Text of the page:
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    3. My apologies, conduction of litigation is entirely separate to rights of audience. If a self employed agent or paralegal represents in court it would need to be supervised. In this respect, a solicitor who instructs a non qualified person without the client or solicitor being present then they would not fall within the exemption rule and would have to rely in the lay representative order. You can't supervise someone when your not present.

      If paralegals had automatic rights of audience then then the CPR is wrong (which it is not). A paralegal could exercise its rights if the case was being heard in chambers, which would equally apply in the high court too.

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    4. A useful decision in a previous case on solicitors agents can be read here. I think it addresses the relevant points. http://www.civillitigationbrief.com/wp-content/uploads/2016/09/click-here-to-see-case.pdf

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  9. So how often are these self employed advocates hired to take on cases where the claimants don't want to attend?

    It would be a great disincentive in terms of costs for the PPC's/legal reps if they were forced to start attending cases to "supervise".

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    1. There are currently 30-50 parking hearing a day in courts in England and Wales, and in pretty much all of them self employed advocates are used. I have never sat in on a Scottish court so it might be different there.

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    2. http://www.legislation.gov.uk/ssi/2016/200/made

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  10. This judge was excellent he applied the rules of law and evidence as if it were a criminal trial or road traffic offence asking for proof of everything presented in evidence including the Provenance of such, not just taking the word of the presenter for it to be so, and the right of the defence to personally cross examine about this evidence to a first party providing it in person without hearsay. Many police prosecution cases would fail if these rules were strictly adhered to. All hearings although taking longer should be conducted in this way in the interests of justice and fair play. Well done your worship!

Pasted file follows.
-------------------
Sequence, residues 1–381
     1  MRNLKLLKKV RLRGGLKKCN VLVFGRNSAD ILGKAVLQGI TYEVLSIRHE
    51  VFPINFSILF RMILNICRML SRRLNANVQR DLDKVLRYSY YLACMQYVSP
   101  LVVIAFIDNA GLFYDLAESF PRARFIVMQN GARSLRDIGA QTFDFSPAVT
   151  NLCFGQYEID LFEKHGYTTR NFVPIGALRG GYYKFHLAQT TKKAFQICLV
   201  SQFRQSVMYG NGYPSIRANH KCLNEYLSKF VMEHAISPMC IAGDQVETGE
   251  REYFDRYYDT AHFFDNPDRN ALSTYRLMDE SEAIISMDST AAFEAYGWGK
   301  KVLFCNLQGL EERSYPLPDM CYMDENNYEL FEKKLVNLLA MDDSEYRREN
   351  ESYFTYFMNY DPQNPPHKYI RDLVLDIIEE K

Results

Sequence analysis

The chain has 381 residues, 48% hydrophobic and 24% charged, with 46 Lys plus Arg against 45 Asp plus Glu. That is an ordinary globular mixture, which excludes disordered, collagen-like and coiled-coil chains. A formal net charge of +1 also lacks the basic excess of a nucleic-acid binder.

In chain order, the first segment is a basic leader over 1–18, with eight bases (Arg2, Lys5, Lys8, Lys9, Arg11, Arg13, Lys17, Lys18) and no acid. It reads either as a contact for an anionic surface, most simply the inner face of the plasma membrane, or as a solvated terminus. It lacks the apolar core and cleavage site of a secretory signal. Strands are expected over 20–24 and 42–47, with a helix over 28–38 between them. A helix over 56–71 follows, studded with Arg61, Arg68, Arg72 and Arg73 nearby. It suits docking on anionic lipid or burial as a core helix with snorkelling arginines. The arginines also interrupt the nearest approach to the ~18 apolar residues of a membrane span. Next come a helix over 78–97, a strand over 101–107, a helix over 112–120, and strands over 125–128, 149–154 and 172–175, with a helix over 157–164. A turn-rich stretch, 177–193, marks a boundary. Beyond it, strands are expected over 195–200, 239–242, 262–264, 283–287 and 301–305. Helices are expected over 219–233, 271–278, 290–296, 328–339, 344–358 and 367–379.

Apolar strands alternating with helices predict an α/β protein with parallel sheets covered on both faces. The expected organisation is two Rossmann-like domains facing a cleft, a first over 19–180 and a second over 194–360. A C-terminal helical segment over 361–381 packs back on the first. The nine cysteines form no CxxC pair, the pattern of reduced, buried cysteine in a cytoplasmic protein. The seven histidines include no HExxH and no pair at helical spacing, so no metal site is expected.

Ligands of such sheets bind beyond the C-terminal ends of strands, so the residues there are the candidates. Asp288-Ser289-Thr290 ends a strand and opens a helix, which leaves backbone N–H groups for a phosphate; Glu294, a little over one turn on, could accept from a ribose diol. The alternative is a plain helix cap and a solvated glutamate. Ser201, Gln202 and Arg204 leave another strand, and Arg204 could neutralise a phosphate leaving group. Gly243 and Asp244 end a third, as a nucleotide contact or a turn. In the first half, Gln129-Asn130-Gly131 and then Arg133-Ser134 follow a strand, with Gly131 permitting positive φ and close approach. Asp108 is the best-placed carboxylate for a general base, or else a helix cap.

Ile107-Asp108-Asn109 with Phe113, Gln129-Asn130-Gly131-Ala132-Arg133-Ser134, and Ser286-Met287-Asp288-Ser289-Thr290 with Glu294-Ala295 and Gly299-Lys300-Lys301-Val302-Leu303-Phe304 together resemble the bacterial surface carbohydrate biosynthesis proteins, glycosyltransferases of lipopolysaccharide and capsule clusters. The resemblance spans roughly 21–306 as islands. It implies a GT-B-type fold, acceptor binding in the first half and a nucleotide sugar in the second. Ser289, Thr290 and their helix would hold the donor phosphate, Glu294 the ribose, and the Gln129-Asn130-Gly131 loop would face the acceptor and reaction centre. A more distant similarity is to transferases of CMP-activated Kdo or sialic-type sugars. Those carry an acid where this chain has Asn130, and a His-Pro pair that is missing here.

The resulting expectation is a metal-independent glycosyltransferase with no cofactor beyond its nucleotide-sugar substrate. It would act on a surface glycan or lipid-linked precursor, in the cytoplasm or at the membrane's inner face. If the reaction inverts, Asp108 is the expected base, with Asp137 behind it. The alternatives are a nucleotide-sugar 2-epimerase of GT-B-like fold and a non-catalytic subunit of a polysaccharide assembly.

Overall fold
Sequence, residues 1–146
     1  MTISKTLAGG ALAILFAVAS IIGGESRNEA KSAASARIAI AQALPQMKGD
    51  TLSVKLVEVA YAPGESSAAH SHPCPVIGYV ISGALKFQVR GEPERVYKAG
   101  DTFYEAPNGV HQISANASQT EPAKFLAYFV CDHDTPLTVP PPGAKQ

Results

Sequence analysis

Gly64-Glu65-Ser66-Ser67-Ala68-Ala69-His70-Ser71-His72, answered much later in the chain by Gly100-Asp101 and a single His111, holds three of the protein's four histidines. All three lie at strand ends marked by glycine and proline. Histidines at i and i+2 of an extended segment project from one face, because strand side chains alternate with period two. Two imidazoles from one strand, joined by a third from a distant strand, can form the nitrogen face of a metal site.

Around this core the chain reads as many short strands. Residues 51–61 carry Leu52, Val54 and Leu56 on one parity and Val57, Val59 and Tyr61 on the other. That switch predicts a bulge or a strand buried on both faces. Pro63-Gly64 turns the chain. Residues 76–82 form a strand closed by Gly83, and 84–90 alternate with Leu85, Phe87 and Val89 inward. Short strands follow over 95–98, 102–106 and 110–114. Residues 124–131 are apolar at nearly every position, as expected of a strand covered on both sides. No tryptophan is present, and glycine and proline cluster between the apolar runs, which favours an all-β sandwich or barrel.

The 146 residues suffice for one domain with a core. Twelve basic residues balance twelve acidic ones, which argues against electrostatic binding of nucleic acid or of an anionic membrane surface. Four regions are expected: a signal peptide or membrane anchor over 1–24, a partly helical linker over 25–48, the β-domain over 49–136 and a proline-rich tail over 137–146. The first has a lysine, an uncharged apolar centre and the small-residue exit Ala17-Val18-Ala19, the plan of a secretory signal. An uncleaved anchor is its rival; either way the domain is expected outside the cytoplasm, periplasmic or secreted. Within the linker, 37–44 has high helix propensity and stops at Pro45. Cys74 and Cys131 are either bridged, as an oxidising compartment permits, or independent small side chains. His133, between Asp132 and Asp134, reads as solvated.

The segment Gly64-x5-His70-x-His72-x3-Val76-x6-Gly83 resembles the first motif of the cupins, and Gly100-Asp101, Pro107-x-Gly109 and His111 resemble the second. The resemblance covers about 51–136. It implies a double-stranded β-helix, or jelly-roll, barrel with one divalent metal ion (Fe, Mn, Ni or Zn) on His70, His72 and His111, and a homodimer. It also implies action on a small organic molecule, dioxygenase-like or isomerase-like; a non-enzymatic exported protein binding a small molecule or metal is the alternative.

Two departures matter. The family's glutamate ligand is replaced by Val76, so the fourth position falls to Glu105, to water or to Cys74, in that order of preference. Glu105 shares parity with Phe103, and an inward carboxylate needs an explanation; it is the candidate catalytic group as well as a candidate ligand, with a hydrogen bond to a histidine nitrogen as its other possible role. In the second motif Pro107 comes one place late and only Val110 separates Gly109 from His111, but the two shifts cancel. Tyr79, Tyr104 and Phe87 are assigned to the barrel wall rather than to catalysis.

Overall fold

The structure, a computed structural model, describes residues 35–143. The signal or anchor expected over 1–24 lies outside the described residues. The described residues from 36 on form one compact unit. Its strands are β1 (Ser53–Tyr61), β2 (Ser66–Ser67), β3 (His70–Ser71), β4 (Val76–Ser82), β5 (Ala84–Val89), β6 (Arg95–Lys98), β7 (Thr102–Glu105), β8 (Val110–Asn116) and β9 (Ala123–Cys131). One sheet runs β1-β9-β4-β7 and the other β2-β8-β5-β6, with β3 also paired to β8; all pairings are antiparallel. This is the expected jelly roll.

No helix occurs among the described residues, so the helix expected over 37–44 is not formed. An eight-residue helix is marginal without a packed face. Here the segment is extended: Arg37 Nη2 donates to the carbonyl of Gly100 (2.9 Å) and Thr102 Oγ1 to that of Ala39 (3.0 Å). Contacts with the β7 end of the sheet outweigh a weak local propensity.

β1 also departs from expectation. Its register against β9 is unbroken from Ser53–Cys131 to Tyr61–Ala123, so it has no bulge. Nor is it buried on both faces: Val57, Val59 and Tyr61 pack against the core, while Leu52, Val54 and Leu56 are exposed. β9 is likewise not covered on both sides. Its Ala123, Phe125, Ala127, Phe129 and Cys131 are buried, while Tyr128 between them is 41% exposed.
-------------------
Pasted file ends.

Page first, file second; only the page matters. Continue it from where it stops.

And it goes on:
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  11. So if the ruling is correct, would it not be wise to prime anyone going into court as a litigant in person to challenge the right of audience of anyone who turns up in court on their own to represent the claimant. Might even out the playing field which currently seems horribly biased towards the PPC's when it comes to court.

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  12. I think the nice young lady mentioned here Ms Kauser represented BW at manchester in the case I managed to win. She was the only other person there. Does this mean she actually had no right to be in the court without BW or Excel being there. Or am I missing the point completely

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    1. unless she was a solicitor or barrister she cannot rep the other side unless someone from the other side is there.

      Representation at a hearing
      3.1 In this paragraph:
      (1) a lawyer means a barrister, a solicitor or a legal executive employed by a solicitor, and
      (2) a lay representative means any other person.
      3.2
      (1) A party may present his own case at a hearing or a lawyer or lay representative may present it for him.
      (2) The Lay Representatives (Right of Audience) Order 1999 provides that a lay representative may not exercise any right of audience:–
      (a) where his client does not attend the hearing;
      (b) at any stage after judgment; or
      (c) on any appeal brought against any decision made by the district judge in the proceedings.
      (3) However the court, exercising its general discretion to hear anybody, may hear a lay representative even in circumstances excluded by the Order.
      (4) Any of its officers or employees may represent a corporate party.

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  13. She is a solicitor as far as I know.

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    1. http://prnt.sc/dxluab - Is she is, then she isn't a solicitor at Elms Legal

      Strangely, Mr Shoreman-Lawson is also an in-house solicitor at Vehicle Control Services and MIL Collections. I wonder if this creates a conflict of interest under SRA Codes of Conduct.

      http://prnt.sc/dxlve3

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  14. I think there will be a few interesting cases in the future over this point.

    It was still a good win. One for the good guys

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  15. Wish I had known about it. Would have visited as it's my neck of the woods.